American scarcity and political impotence

Heather Long writes that we’re living in an age of scarcity and that, although we don’t like it, there’s little we can do about it:

Why are Americans so gloomy about the economy? Jobs are plentiful and unemployment is back at pre-pandemic lows, yet sentiment is in the dumps. The obvious answer is that inflation is at a 40-year high and that wages largely aren’t keeping up. But there’s a deeper force at work that is fundamental to why Americans are so upset: scarcity.

Availability of products, or lack thereof, is as critical an issue as rising prices. The last time Americans experienced this phenomenon was in the 1970s, with long lines at gas stations. Today, more than two years into the pandemic, generations of Americans at a variety of income levels are encountering shortages across a much wider array of products. It is, in many ways, a new age of scarcity. …

Many families feel that they still can’t get ahead, even if they saved diligently during pandemic lockdowns and landed higher-paying jobs or raises. Part of the reason is they want to buy things — homes, cars, dishwashers — but often can’t, even for a sky-high price. Car inventories are at unprecedented lows, so people are paying more than the sticker price, yet the color or model they want isn’t always available. Similarly, grocery stores and restaurants are struggling to keep items in stock. Before the pandemic, the share of items unavailable on store shelves was typically about 5 percent. Most customers barely noticed. Lately, it’s been closer to 12 to 15 percent, sometimes worse. …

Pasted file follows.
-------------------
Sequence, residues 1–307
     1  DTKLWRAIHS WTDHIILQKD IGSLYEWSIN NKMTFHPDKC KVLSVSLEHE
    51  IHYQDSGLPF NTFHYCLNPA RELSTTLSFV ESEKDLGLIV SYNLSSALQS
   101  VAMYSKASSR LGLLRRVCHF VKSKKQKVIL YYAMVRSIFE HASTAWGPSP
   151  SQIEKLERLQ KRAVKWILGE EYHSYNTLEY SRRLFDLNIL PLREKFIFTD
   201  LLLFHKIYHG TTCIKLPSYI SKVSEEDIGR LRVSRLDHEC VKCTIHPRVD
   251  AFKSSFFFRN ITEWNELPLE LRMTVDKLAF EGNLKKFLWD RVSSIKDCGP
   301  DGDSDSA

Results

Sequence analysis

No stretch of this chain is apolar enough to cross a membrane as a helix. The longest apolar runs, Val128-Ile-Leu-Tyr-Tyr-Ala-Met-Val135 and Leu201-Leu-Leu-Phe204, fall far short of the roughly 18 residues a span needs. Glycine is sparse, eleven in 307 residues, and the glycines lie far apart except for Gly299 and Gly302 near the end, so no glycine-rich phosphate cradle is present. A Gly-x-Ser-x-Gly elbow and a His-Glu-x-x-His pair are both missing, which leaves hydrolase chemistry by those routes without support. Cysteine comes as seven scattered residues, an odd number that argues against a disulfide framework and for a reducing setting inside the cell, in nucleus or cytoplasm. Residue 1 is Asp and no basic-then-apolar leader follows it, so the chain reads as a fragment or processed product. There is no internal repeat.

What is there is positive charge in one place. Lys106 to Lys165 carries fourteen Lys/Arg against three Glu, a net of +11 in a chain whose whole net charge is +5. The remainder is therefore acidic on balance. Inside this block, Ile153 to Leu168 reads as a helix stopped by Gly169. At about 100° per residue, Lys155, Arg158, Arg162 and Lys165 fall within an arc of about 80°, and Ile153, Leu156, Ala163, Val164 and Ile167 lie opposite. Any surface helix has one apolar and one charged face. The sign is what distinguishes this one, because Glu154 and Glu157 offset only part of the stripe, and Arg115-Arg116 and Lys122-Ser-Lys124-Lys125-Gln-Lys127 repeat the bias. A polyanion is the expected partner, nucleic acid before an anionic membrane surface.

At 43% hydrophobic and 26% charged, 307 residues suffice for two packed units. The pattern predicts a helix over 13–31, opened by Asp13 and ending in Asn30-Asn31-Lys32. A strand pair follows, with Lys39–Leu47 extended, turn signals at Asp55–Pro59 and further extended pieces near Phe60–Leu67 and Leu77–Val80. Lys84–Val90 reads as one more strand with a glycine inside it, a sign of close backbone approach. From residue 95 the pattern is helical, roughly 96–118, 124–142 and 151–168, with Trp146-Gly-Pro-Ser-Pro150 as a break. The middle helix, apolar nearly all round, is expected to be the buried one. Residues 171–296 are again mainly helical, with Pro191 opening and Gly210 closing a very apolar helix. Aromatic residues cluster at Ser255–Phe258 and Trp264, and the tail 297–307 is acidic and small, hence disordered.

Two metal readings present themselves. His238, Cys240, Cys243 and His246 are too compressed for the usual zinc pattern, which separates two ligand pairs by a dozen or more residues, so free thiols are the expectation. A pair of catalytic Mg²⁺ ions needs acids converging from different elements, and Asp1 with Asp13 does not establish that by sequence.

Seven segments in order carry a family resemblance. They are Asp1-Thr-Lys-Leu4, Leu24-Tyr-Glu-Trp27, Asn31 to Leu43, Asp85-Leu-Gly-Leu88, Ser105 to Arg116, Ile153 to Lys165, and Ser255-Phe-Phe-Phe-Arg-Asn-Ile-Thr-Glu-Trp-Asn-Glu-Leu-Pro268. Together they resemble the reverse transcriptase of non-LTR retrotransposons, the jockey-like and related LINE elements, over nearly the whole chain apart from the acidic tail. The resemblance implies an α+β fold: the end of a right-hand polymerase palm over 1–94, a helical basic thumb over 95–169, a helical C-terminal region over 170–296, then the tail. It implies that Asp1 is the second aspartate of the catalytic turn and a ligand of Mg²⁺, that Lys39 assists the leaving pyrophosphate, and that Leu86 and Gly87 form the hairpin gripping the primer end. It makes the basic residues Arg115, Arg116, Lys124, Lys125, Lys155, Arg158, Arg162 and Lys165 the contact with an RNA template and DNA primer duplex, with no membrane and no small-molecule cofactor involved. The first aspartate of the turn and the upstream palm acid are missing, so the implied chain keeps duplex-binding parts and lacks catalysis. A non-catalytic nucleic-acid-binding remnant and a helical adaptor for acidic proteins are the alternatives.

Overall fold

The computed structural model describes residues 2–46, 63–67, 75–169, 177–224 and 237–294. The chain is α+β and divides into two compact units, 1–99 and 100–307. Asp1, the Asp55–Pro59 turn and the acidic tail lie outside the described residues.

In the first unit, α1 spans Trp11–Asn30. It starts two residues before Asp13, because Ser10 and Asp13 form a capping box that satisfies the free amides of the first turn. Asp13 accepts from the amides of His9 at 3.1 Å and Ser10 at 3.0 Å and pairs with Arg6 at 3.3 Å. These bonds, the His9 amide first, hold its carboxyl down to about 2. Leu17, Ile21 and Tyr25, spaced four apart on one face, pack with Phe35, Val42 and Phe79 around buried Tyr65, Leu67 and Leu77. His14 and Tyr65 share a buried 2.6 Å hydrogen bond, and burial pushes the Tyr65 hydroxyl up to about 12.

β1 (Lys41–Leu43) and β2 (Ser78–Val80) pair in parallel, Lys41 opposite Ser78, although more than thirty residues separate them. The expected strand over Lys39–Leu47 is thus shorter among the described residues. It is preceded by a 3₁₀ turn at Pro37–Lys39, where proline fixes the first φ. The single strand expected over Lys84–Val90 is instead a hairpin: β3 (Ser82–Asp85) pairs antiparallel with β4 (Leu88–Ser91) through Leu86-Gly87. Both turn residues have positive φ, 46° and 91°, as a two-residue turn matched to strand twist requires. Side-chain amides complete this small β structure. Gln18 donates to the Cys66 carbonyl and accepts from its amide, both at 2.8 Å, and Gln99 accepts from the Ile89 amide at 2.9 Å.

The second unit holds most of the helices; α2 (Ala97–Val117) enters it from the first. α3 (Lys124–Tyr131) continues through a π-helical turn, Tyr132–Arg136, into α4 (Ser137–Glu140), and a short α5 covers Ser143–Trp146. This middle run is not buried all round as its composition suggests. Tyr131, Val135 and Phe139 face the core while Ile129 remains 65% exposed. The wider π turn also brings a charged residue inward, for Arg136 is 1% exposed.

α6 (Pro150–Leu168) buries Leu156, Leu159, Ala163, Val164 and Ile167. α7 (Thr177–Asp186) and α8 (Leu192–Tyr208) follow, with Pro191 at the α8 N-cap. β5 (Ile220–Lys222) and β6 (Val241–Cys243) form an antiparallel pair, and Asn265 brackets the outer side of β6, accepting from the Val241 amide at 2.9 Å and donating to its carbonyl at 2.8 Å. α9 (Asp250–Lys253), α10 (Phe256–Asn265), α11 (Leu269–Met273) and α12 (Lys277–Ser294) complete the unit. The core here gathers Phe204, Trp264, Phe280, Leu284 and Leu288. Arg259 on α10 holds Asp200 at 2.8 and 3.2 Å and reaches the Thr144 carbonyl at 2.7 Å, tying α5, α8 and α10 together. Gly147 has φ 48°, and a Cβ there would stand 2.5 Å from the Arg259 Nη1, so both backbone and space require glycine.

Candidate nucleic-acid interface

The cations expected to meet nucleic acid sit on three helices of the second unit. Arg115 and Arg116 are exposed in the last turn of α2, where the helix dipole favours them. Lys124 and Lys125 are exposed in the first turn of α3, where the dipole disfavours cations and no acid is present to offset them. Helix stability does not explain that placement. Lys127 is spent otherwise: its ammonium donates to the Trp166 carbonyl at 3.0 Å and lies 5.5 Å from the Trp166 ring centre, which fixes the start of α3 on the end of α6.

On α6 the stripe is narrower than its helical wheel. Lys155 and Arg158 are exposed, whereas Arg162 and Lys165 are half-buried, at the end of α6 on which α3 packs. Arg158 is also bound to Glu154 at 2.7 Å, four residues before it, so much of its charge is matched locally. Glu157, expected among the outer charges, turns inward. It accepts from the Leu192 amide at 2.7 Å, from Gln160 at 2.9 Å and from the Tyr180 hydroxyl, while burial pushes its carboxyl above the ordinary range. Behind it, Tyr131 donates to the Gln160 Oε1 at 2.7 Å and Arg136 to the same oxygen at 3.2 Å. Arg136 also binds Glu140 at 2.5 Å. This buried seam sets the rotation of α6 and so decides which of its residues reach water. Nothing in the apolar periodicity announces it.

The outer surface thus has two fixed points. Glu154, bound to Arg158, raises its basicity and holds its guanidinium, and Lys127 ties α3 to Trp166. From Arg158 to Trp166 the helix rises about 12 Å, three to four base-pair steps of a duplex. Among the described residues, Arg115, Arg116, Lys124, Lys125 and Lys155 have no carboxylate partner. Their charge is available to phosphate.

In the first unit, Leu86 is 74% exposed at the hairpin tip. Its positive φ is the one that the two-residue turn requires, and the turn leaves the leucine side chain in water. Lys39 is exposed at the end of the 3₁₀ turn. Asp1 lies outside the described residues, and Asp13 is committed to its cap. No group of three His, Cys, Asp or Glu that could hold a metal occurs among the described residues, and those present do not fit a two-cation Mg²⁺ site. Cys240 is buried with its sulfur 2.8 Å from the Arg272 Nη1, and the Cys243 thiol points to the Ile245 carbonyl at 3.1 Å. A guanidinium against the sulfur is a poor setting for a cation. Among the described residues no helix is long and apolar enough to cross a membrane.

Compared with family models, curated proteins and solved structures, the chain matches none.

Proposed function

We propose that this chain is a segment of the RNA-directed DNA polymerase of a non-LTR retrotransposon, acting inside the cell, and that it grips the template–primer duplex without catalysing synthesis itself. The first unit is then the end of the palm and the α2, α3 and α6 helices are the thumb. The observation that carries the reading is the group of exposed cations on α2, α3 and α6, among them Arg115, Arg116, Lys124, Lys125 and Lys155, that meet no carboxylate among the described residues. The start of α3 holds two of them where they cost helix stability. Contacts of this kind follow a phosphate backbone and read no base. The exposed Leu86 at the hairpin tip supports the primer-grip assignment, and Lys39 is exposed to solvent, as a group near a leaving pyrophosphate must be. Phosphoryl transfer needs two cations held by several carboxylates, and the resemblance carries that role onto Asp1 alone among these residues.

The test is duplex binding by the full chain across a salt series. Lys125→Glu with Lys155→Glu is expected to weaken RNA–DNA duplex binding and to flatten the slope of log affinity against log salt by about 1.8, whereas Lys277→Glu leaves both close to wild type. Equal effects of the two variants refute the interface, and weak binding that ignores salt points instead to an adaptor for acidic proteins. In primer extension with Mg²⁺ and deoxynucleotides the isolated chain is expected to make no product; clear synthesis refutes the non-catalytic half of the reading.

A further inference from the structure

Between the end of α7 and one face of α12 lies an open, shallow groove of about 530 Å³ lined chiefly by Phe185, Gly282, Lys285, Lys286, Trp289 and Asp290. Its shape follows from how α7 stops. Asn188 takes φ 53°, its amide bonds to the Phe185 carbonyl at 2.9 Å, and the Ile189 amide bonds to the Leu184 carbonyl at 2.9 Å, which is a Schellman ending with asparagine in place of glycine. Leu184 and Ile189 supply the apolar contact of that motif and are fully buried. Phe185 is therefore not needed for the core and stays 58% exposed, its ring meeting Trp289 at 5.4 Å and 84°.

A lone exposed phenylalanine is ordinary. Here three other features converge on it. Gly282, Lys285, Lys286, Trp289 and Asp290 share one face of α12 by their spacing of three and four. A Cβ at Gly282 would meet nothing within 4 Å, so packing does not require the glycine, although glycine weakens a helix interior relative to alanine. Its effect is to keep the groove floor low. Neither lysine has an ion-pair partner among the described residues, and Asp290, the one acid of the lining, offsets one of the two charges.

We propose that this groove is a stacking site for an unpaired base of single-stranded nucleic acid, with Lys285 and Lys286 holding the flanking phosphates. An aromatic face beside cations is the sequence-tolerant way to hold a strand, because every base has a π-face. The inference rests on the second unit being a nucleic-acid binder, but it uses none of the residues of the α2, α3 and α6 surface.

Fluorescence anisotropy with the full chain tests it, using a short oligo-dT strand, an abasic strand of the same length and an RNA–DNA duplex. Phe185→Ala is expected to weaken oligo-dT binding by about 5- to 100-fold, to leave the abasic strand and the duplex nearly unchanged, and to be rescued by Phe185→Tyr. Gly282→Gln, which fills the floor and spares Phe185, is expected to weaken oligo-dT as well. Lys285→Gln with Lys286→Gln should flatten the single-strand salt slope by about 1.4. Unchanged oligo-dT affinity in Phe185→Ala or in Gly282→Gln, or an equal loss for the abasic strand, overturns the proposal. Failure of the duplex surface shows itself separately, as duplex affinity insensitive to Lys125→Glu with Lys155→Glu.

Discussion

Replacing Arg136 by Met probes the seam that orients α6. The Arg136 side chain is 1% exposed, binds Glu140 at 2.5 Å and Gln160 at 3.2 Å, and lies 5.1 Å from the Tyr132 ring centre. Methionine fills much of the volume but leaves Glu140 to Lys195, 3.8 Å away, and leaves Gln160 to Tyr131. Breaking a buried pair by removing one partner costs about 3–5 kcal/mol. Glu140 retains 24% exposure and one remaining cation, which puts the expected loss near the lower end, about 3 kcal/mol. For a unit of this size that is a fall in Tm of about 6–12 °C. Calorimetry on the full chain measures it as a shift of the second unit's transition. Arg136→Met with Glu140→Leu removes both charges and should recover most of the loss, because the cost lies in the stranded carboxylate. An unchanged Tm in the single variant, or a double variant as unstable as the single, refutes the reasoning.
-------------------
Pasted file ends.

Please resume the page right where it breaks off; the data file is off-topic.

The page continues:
Americans aren’t used to this kind of scarcity, and it compounds the frustration that politicians spent much of the past year saying supply chains would be fixed “soon.” Instead, the problems keep coming: as varied as baby formula shortages, Russia’s war in Ukraine triggering a food supply crisis, and China’s covid-19 lockdown shuttering factories and delaying shipments. It’s now taking manufacturers an unprecedented 100 days, on average, to get materials — the longest delay on record since the industry started keeping track in the late 1980s.

Obvious political responses to the roiling crises that Americans have felt themselves undergoing—arguably more or less since President Donald Trump’s election and throughout President Biden’s reactive presidency—is for the White House and Congress to prioritize American manufacturing, continue to impose tariffs on companies and industries that pursue outsourcing, and incentivize regions and localities to develop generational plans for the insourcing of critical industries and products.